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Re M0922
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17 Nov 2015, 12:29
I think this is a highquality question.



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valmikee wrote: I think this the explanation isn't clear enough, please elaborate. This given condition would not hold true if x=1. Hence, I don't think option B is the appropriate choice. Can someone please help clarify? valmikee: the inequality gives us either \(x >1\) or \(1<x<0\) Hence, in any case of satisfied solution of inequality, x will always be greater than 1 > must be true that: \(x >1\) (B)
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Re: M0922
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21 Jun 2016, 19:57
this question is amazing. im trying to figure out  how does answer E potentially result in the value 2 if x cannot take on two distinctive values? would you mind giving me a simple example with values? thank you



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Re: M0922
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21 Jun 2016, 20:41
lydennis8 wrote: this question is amazing. im trying to figure out  how does answer E potentially result in the value 2 if x cannot take on two distinctive values? would you mind giving me a simple example with values? thank you lydennis8  maybe some misunderstanding? I think Bunuel only said that (E) not necessary true since if x = 2 then the inequality is still hold. Say x= 3 then: \(3/3=1 < 3,\) (correct) and so on... Hope it's clear
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Re: M0922
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21 Jun 2016, 23:35
Linhbiz thanks for that, misunderstood the wording



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Hello, thanks for interesting question.
how can x = x when x<0? if x <0 then x=x?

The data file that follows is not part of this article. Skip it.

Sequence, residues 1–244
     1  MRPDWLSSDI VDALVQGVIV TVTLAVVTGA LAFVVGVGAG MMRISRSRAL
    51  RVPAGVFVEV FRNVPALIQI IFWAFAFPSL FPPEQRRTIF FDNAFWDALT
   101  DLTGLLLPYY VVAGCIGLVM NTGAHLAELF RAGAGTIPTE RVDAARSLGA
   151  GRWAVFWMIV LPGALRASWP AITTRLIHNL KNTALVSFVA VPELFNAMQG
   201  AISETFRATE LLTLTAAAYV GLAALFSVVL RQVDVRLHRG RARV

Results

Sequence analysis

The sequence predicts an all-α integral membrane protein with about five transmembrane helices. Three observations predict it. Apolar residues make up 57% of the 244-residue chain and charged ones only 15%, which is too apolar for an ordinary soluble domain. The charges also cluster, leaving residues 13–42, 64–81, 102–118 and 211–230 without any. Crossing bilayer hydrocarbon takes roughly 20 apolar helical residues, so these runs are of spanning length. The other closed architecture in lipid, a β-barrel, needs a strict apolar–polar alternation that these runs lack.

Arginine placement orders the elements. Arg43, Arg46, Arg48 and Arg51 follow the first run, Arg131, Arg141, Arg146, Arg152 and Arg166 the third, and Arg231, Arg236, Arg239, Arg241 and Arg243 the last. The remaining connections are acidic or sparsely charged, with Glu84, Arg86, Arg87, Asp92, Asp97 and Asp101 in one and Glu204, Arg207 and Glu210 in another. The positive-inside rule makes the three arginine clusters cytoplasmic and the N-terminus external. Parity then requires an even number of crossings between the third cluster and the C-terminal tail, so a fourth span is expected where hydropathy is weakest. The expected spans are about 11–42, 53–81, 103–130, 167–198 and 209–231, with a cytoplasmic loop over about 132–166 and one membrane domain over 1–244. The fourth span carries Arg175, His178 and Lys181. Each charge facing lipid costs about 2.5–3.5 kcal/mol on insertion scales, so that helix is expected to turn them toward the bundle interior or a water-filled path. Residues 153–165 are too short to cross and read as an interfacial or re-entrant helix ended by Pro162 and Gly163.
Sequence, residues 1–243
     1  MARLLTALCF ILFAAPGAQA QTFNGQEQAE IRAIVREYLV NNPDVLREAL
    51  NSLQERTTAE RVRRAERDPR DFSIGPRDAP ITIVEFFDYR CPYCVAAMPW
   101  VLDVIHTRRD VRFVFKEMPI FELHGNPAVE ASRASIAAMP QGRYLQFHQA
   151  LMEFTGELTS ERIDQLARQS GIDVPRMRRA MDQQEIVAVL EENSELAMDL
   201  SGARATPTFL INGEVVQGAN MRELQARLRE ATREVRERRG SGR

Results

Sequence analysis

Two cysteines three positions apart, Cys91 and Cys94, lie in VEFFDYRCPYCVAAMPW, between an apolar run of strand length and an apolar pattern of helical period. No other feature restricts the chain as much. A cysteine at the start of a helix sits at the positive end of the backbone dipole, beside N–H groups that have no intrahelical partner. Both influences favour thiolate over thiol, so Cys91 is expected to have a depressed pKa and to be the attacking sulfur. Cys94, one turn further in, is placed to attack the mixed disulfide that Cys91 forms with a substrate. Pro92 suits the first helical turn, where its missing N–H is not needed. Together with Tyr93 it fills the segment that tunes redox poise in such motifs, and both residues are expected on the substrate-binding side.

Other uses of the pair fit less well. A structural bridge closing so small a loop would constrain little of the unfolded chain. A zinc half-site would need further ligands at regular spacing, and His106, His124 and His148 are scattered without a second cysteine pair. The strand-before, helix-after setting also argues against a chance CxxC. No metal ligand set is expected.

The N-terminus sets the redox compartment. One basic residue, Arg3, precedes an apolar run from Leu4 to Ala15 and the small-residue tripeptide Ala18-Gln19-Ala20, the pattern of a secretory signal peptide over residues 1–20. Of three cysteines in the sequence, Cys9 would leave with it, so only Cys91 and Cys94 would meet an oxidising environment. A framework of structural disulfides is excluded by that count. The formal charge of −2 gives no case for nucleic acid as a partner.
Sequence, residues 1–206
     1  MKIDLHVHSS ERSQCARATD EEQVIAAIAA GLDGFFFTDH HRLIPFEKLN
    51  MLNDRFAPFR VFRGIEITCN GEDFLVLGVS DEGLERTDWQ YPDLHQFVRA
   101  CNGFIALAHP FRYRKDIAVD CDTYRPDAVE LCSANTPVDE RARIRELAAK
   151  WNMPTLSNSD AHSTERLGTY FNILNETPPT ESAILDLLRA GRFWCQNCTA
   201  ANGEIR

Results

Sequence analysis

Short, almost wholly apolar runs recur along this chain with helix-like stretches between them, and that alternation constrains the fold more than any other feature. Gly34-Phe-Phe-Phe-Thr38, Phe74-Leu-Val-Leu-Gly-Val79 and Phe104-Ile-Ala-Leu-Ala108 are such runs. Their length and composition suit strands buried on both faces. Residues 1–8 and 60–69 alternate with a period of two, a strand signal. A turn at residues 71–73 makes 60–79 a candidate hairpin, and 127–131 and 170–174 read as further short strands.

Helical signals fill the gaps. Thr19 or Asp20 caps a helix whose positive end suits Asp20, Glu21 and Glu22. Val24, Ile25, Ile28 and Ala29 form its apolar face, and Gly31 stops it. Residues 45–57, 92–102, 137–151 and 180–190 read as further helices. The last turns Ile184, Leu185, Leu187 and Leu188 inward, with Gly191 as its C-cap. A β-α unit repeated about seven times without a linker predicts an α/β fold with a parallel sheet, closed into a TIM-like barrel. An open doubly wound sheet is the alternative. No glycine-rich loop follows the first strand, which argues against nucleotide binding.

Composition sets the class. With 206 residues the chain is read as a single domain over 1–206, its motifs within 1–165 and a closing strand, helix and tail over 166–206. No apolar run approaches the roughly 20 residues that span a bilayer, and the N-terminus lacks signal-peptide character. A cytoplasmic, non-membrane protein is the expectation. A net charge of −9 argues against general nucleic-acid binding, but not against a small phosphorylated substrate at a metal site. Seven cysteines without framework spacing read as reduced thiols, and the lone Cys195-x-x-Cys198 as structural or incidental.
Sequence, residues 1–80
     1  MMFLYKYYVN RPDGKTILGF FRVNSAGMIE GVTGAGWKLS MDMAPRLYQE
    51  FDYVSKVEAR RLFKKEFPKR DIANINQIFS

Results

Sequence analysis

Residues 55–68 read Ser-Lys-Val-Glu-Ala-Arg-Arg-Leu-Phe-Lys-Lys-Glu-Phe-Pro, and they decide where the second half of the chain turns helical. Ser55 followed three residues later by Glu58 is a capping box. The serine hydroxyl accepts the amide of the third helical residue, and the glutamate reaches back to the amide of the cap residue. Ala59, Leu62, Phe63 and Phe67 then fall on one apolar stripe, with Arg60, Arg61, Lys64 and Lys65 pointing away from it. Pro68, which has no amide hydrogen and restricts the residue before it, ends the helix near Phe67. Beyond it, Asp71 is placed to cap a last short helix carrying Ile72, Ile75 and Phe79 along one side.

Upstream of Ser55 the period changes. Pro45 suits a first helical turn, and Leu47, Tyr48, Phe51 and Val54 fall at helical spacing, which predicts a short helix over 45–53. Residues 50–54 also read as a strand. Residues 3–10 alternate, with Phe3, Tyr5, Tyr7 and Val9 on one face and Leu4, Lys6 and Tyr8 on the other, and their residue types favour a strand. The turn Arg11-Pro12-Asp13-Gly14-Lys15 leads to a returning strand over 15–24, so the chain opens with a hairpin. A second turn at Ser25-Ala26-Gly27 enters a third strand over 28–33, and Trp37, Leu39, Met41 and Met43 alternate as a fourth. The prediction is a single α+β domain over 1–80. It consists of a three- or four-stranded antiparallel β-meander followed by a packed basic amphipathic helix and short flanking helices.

I think when x<0, x/x<x. isn't it?
Please explain the flaws in my logic.
thank u!



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Re: M0922
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Re M0922
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07 Aug 2016, 02:55
I think this is a highquality question and I agree with explanation.



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Re M0922
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20 May 2017, 09:13
I think this the explanation isn't clear enough, please elaborate. I understood the algebraic method but I had a doubt. An inequality problem can be solved by plugging in values also right? If we try to plugin values into option A, the 0.5 value which we arrive by solving algebraically, will go against the statement itself. Is it that we can't solve some inequality problems by plugging in?



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Re: M0922
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20 May 2017, 09:37
vil1 wrote: I think this the explanation isn't clear enough, please elaborate. I understood the algebraic method but I had a doubt. An inequality problem can be solved by plugging in values also right? If we try to plugin values into option A, the 0.5 value which we arrive by solving algebraically, will go against the statement itself. Is it that we can't solve some inequality problems by plugging in? I'll try again. The question asks if \(1 \lt x \lt 0\) or \(x \gt 1\), then which of the following must be true. Since \(1 \lt x \lt 0\) or \(x \gt 1\), then it must be true to say about x that x > 1. For example, x can be, among many other values, 0.9, 0.89292838, 0.76539, 0,5, ... (because \(1 \lt x \lt 0\)) as well as x can be 3, \(\pi\), 4.17, \(\sqrt{71}\), ... (because \(x \gt 1\)). Any of them is greater than 1. For ANY possible x, so for ANY x from \(1 \lt x \lt 0\) and \(x \gt 1\), it will be true to say that x is greater than 1. Option A, which says that \(x \gt 1\), is NOT always true because if x is from \(1 \lt x \lt 0\), say if x is 0.14, then \(x \gt 1\) will NOT be true. Hope it's clear.